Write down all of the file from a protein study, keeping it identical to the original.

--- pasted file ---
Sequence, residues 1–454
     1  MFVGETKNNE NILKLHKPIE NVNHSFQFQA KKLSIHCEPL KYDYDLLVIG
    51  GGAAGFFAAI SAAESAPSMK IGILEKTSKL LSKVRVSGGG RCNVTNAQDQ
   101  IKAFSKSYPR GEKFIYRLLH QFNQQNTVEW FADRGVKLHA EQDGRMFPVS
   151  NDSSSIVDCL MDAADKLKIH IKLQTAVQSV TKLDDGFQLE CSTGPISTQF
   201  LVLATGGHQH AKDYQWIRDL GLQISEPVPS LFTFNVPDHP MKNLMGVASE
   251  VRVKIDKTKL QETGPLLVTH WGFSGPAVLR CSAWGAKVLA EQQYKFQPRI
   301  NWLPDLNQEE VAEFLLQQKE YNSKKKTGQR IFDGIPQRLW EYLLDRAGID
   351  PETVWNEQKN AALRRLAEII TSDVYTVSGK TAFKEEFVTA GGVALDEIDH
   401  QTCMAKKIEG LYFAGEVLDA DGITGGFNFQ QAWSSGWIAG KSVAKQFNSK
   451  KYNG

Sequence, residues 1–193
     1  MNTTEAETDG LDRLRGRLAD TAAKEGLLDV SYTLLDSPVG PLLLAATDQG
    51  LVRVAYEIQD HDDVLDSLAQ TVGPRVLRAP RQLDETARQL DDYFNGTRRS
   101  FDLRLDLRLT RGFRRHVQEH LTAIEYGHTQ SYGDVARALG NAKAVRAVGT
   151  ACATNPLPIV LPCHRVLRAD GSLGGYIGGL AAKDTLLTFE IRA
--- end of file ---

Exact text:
Sequence, residues 1–454
     1  MFVGETKNNE NILKLHKPIE NVNHSFQFQA KKLSIHCEPL KYDYDLLVIG
    51  GGAAGFFAAI SAAESAPSMK IGILEKTSKL LSKVRVSGGG RCNVTNAQDQ
   101  IKAFSKSYPR GEKFIYRLLH QFNQQNTVEW FADRGVKLHA EQDGRMFPVS
   151  NDSSSIVDCL MDAADKLKIH IKLQTAVQSV TKLDDGFQLE CSTGPISTQF
   201  LVLATGGHQH AKDYQWIRDL GLQISEPVPS LFTFNVPDHP MKNLMGVASE
   251  VRVKIDKTKL QETGPLLVTH WGFSGPAVLR CSAWGAKVLA EQQYKFQPRI
   301  NWLPDLNQEE VAEFLLQQKE YNSKKKTGQR IFDGIPQRLW EYLLDRAGID
   351  PETVWNEQKN AALRRLAEII TSDVYTVSGK TAFKEEFVTA GGVALDEIDH
   401  QTCMAKKIEG LYFAGEVLDA DGITGGFNFQ QAWSSGWIAG KSVAKQFNSK
   451  KYNG

Sequence, residues 1–193
     1  MNTTEAETDG LDRLRGRLAD TAAKEGLLDV SYTLLDSPVG PLLLAATDQG
    51  LVRVAYEIQD HDDVLDSLAQ TVGPRVLRAP RQLDETARQL DDYFNGTRRS
   101  FDLRLDLRLT RGFRRHVQEH LTAIEYGHTQ SYGDVARALG NAKAVRAVGT
   151  ACATNPLPIV LPCHRVLRAD GSLGGYIGGL AAKDTLLTFE IRA